by Andrea Laine, EMGV
After several years of trying to stay ahead of the weeds in my landscaped beds, I am coming around to an option I had not seriously considered before: planting ground covers as weed control.
A variety of annual and perennial broadleaf weeds consider my yard home year round. Most of them I deal with by manually pulling. Dr. Joe Neal, professor of weed science at NCSU, recommends a frequency of every two to three weeks. Call me crazy, but I have never minded hand weeding. It feels meditative while I am doing it and afterwards, too, when I look upon my tidy garden.
Unfortunately, hand-pulling does not work for creeping woodsorrel (Oxalis corniculata L.). Even after a good rain and using a weed digger, it is difficult to get the root up on a younger plant. I find it easier to let it grow a bit which gives me more plant above ground to grasp and pull. But allowing any weed time to mature is dicey: weeds multiply so quickly and aside from being unsightly, rob your favored plants of moisture and nutrients in the soil. Encroachment is inevitable with woodsorrel as it spreads by rhizome, stolon and/or rapidly germinating seeds.
I used to view ground covers as boring plantings; something you chose for a spot where it was difficult to grow anything else, or something non-gardeners or commercial properties planted to paint a spot green and call it landscaped. (Pachysandra comes immediately to mind.) But looking out my kitchen window last November at the way a few biennial columbine plants (Aquilegia canadensis) have reseeded so profusely over just a few years and now expertly cover a large part of the ground in one bed (i.e. no woodsorrell there), I am beginning to understand the concept and consider the possibilities.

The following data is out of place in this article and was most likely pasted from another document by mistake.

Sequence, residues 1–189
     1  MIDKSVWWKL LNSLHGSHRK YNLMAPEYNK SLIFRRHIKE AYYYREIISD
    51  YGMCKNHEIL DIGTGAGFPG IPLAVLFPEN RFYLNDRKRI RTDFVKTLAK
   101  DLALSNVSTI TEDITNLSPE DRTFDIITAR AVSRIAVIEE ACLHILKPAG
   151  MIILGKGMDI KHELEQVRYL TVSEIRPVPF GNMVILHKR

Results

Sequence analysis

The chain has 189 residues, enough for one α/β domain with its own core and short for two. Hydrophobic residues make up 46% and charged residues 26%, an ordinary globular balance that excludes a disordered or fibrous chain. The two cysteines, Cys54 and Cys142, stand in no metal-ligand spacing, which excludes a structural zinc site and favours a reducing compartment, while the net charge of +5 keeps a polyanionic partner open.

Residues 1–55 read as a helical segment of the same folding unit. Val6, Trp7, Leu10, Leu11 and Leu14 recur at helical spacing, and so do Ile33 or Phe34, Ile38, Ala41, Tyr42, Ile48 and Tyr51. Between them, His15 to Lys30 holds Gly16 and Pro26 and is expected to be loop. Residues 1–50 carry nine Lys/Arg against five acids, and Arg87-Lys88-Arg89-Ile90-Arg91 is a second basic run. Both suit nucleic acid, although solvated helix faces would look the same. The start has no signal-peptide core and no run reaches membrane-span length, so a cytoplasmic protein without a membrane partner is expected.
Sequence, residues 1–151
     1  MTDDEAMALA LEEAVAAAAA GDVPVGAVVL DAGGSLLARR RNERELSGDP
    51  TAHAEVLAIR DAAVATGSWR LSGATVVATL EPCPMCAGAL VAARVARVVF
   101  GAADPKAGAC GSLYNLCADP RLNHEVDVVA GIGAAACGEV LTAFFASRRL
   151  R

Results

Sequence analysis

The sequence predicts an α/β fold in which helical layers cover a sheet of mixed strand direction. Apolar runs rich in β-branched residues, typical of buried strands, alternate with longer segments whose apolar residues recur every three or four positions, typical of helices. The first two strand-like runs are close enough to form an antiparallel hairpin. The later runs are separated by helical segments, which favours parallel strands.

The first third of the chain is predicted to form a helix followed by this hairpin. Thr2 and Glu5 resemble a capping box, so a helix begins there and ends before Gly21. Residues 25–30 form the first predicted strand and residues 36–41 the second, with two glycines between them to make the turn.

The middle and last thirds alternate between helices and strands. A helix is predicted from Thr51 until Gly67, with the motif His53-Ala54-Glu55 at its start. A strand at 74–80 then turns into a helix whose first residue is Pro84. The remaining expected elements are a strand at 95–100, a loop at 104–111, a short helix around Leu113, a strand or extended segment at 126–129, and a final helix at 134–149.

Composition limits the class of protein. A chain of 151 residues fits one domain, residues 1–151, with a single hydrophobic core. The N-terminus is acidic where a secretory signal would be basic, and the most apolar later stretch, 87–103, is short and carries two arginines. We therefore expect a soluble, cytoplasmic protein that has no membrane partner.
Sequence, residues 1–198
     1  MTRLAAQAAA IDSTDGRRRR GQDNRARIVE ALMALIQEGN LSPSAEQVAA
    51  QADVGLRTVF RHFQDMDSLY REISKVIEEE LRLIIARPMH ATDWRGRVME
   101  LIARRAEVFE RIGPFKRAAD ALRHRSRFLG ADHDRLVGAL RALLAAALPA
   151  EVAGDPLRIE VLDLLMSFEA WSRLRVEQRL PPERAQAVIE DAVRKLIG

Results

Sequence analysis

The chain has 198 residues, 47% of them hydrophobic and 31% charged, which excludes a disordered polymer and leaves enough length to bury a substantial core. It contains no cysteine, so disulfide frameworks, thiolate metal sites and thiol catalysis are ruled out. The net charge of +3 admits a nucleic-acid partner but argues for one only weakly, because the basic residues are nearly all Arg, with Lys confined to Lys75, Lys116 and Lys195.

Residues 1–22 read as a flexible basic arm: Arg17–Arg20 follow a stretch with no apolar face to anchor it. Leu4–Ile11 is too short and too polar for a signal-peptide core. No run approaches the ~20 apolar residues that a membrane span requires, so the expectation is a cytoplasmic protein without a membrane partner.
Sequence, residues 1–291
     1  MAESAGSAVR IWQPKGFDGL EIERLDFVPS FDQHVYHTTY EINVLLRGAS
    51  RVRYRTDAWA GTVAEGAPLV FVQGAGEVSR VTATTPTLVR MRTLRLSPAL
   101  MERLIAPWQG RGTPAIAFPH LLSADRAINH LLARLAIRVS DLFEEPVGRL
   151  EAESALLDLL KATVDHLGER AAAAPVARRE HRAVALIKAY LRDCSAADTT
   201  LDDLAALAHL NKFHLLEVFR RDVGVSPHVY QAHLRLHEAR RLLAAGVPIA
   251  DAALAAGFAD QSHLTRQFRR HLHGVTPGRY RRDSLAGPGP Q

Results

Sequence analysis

Ground covers are plants that grow relatively close to the ground and spread freely to create a mass planting. The denser they are, the better they will be at shading the ground, thereby robbing weed seeds or rhizomes in the soil of the light needed to grow. If desired for weed control, seek out evergreen ground covers.
Columbine isn’t traditionally considered a ground cover but it does the job nicely. Some common ground covers are already established in my landscape; pictured below left to right they are: golden creeping jenny (Lysimachia nummularia ‘Aurea’ ), creeping juniper (Juniperus horizontalis ), oregano (Origanum heracleoticum ‘Greek’ ) and Mrs. Robb’s bonnet (Euphorbia amyglaloides, ‘robbiae’).
A blank canvas
My thoughts of “too much columbine” have turned to “need more variety of ground covers.” Ground covers will be the new blank canvas. I am not choosing ground covers instead of more ornamental perennials and shrubs. I am choosing ground covers over open soil or a blanket of mulch which can be expensive and labor intensive when used for large spaces. Rather than fretting over too much columbine, I will consider it a placeholder and an organic mulch. When I am ready to plant something among it, I will simply edit out some columbine and insert a showier ornamental.
Where you have stubborn weeds, consider planting a more attractive ground cover. More plant suggestions appear in the links below.
Sources & Further Reading
Identifying specific weeds: https://projects.ncsu.edu/cals/plantbiology/ncsc/containerWeeds/list.htm
Creeping woodsorrel: https://plants.ces.ncsu.edu/plants/all/oxalis-corniculata-l/
This link lists dozens of groundcover suggestions for Georgia landscapes. Almost all will also survive in Durham County (Hardiness Zone 7). https://secure.caes.uga.edu/extension/publications/files/pdf/C%20928_2.PDF
At heights of three to 12 inches, miniature roses can be groundcover: https://content.ces.ncsu.edu/roses-for-north-carolina
Low-growing junipers make excellent groundcovers: https://content.ces.ncsu.edu/junipers-in-the-landscape
More groundcover plant ideas: https://www.missouribotanicalgarden.org/Portals/0/Gardening/Gardening%20Help/Factsheets/Ground%20Cover%20Plants66.pdf